Monday, March 26, 2012

American Bible Society Lectio Divina for Sunday, 25 March 2012

From The American Bible Society:

American Bible Society
Having trouble reading this?
Large Print Version Print this page
March 25, 2012
Fifth Sunday of Lent
This is a reminder to continue in your daily Lectio Divina Scripture reading. We’ve included the content again for you, to make it easier for you to continue to engage with God’s Word.


John 12:20-33 (Good News Translation)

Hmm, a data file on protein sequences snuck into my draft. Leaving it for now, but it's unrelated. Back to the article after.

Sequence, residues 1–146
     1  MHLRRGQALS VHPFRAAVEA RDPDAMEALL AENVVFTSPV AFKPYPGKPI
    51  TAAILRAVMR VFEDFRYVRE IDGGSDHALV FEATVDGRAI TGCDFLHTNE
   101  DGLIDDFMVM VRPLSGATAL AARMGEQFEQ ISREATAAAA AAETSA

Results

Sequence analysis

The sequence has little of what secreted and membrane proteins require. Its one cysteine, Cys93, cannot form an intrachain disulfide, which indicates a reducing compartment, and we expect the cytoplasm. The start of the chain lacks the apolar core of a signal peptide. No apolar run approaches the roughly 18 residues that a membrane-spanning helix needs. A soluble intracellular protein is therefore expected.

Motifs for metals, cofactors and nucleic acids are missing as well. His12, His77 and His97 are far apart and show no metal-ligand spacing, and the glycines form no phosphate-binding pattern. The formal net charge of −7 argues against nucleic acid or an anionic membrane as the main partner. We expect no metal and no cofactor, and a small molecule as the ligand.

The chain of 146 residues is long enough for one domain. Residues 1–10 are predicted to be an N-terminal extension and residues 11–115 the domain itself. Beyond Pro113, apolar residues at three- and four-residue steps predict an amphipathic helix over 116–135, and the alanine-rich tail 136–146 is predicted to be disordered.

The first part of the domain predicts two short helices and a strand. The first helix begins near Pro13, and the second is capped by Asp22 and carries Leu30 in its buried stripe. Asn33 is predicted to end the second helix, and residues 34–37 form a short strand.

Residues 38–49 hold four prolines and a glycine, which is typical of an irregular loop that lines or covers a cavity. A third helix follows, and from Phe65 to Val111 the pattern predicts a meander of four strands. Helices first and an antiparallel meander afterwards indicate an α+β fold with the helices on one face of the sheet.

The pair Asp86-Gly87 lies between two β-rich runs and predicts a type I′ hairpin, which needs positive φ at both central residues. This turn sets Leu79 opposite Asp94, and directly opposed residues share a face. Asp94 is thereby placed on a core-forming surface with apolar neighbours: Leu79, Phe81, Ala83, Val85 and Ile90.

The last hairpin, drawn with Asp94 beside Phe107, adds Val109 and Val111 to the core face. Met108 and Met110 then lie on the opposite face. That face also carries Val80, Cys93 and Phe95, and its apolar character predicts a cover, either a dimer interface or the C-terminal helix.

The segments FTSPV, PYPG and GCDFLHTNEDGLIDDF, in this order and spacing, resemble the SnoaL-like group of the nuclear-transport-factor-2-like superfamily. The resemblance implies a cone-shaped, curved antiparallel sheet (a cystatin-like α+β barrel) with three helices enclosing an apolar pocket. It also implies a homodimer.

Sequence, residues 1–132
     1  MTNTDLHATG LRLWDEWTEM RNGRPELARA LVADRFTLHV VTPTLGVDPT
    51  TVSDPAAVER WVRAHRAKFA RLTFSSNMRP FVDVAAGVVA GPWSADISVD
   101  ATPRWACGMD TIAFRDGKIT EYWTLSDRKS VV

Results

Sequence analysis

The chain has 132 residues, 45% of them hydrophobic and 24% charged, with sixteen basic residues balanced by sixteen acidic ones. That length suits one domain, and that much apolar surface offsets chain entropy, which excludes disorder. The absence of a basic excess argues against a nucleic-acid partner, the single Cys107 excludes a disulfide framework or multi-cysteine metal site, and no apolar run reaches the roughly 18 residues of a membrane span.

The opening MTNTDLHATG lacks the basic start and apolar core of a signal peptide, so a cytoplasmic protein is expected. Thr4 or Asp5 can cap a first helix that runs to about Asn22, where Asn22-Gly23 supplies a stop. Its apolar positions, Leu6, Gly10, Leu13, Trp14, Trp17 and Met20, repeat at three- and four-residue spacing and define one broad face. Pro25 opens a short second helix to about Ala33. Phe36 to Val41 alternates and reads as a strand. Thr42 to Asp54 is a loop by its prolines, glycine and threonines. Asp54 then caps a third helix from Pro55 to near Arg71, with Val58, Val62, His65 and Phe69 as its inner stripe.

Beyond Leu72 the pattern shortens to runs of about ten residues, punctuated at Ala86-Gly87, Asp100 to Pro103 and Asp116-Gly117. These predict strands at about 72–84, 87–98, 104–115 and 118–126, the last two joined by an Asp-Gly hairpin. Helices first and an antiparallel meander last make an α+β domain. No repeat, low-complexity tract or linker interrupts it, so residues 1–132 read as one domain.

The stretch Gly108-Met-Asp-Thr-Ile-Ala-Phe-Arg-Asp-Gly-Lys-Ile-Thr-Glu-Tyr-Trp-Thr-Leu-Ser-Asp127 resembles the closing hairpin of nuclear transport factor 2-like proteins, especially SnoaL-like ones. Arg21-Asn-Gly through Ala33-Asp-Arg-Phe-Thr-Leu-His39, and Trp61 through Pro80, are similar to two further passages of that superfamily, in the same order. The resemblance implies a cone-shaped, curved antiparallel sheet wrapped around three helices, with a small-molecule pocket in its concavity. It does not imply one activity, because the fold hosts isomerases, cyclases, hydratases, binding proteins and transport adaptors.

20 Some Greeks were among those who had gone to Jerusalem to worship during the festival. 21 They went to Philip (he was from Bethsaida in Galilee) and said, “Sir, we want to see Jesus.” 22 Philip went and told Andrew, and the two of them went and told Jesus. 23 Jesus answered them, “The hour has now come for the Son of Man to receive great glory. 24 I am telling you the truth: a grain of wheat remains no more than a single grain unless it is dropped into the ground and dies. If it does die, then it produces many grains. 25 Those who love their own life will lose it; those who hate their own life in this world will keep it for life eternal. 26 Whoever wants to serve me must follow me, so that my servant will be with me where I am. And my Father will honor anyone who serves me. 27 Now my heart is troubled—and what shall I say? Shall I say, “Father, do not let this hour come upon me”? But that is why I came—so that I might go through this hour of suffering. 28 Father, bring glory to your name! ” Then a voice spoke from heaven, “I have brought glory to it, and I will do so again.” 29 The crowd standing there heard the voice, and some of them said it was thunder, while others said, “An angel spoke to him!” 30 But Jesus said to them, “It was not for my sake that this voice spoke, but for yours. 31 Now is the time for this world to be judged; now the ruler of this world will be overthrown. 32 When I am lifted up from the earth, I will draw everyone to me. ” ( 33 In saying this he indicated the kind of death he was going to suffer.)